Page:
Pediatric Heart Expert Forum
14 wks pregnant and having irregular fetal heart rate
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Questions in this forum are answered by pediatric cardiologists, cardiothoracic surgeons and anesthesiologists from The Children's Hospital of Philadelphia. This forum is for questions and support about pediatric heart problems, symptoms and topics such as heart murmurs, palpitations, fainting, chest pain, congenital heart defects (including management and intervention), fetal cardiology, adult congenital cardiology, arrhythmias and pre-participation athletic screening.

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14 wks pregnant and having irregular fetal heart rate

Hi am 35 yrs old and 14 wks pregnant.  when i went to the DR today he listened for a heart beat and still could not hear the babies heart rate so he ordered a ultra sound and the lady that performed the ultra sound stated that the babies heart rate was in rythem, but she said that the heart beat didn't sound right. i'm gonna try and best describe what I heard it sounded like this ,  chooka chooka chew------(pause) chooka chooka chew------(pause) it wasn't like a steady heart beat . She also said that the babie was very active and it was hard to keep up with the baby so that she could get the heart rate, but when she did the heart rate  sounded like that . what could this be ? should I be worried ?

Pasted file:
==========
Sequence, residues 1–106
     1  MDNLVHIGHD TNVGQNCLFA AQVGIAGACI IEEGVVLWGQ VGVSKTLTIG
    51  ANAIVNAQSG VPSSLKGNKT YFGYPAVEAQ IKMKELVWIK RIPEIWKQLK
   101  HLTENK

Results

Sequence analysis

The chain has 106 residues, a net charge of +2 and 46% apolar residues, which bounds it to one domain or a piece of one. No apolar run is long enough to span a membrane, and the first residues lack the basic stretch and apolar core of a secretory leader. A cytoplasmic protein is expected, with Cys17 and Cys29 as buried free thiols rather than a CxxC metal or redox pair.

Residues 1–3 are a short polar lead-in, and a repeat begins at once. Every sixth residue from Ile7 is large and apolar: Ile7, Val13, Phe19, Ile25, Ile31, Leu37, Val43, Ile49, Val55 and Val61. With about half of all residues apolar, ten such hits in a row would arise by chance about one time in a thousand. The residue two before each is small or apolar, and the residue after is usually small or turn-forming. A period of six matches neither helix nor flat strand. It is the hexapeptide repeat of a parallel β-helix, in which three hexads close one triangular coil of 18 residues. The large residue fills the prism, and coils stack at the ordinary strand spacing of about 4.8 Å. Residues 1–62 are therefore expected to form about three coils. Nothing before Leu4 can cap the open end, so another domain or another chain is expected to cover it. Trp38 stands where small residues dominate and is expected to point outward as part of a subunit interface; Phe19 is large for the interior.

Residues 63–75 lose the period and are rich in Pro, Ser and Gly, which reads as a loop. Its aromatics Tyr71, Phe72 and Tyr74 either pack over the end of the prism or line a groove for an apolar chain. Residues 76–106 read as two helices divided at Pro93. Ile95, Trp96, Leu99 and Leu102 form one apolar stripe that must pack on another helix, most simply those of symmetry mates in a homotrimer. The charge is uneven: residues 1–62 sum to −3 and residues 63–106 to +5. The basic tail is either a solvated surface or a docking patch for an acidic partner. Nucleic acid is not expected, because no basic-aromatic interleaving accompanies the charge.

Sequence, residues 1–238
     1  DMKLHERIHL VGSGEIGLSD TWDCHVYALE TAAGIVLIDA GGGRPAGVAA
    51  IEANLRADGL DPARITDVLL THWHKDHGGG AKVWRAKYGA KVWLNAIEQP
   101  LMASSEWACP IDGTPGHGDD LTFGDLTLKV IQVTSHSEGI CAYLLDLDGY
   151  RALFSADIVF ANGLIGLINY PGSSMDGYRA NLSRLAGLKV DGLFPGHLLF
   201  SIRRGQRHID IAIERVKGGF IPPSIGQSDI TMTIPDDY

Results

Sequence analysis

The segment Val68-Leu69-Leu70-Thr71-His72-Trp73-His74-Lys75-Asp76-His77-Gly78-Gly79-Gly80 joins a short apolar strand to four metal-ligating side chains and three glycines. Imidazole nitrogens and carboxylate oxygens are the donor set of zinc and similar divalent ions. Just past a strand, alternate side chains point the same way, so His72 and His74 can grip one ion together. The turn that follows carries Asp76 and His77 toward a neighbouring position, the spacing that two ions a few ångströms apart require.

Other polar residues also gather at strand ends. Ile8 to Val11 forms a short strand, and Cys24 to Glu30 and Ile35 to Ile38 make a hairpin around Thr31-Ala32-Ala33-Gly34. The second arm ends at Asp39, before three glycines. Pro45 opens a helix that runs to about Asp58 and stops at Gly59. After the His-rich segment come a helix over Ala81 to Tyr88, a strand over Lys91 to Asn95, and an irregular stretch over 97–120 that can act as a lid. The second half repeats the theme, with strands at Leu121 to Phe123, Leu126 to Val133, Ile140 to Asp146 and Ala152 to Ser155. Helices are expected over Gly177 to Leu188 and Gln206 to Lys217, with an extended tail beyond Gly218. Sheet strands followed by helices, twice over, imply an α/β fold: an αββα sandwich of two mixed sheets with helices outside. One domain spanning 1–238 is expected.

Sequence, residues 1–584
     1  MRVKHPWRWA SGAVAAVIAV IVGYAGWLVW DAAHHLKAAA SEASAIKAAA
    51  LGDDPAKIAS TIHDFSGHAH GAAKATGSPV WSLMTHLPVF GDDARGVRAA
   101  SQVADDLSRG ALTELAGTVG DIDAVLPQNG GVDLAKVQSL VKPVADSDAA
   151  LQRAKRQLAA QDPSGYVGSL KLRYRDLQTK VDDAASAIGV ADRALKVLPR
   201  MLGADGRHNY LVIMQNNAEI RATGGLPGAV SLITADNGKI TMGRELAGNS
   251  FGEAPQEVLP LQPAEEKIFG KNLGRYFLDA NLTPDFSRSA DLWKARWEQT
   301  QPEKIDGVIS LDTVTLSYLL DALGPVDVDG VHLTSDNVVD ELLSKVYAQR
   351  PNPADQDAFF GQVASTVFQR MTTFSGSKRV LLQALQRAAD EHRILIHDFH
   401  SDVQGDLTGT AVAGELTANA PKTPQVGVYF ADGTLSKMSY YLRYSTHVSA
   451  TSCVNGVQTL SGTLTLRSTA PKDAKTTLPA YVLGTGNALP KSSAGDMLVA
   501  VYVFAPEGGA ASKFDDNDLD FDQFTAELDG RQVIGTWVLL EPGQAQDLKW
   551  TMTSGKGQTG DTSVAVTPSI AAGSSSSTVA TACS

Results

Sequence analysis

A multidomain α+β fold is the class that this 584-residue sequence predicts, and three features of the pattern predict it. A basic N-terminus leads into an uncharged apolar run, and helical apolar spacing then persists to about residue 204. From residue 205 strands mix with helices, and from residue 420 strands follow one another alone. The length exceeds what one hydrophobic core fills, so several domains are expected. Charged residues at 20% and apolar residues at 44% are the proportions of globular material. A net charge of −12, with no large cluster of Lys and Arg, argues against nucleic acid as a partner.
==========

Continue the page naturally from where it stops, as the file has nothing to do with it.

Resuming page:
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773637_tn?1327450515
Dear Angelkisses,

I LOVE your characterization of your baby’s heart rhythm, describing the sound of the Doppler waveform pattern.  What you describe tells me that your baby is most likely having some isolated early beats that are either premature atrial or premature ventricular contractions.  These are single early heart beats that originate either in the upper or the lower chambers.  We see this in second trimester fetuses frequently. They typically go away during the third trimester or by delivery and do not cause a problem.  The time that we are most concerned about this is when there are sustained fast rhythms (arrhythmias), in which there is a number of these early beats one after another in a row.  If your baby is not demonstrating this, then this is most likely not a problem.  However, it would be a good idea to follow up with your OB to make sure that these do resolve and do not progress into a sustained arrhythmia.
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Jeffrey R Boris, M.D.Blank
The Children’s Hospital of Philadelphia
Philadelphia, PA
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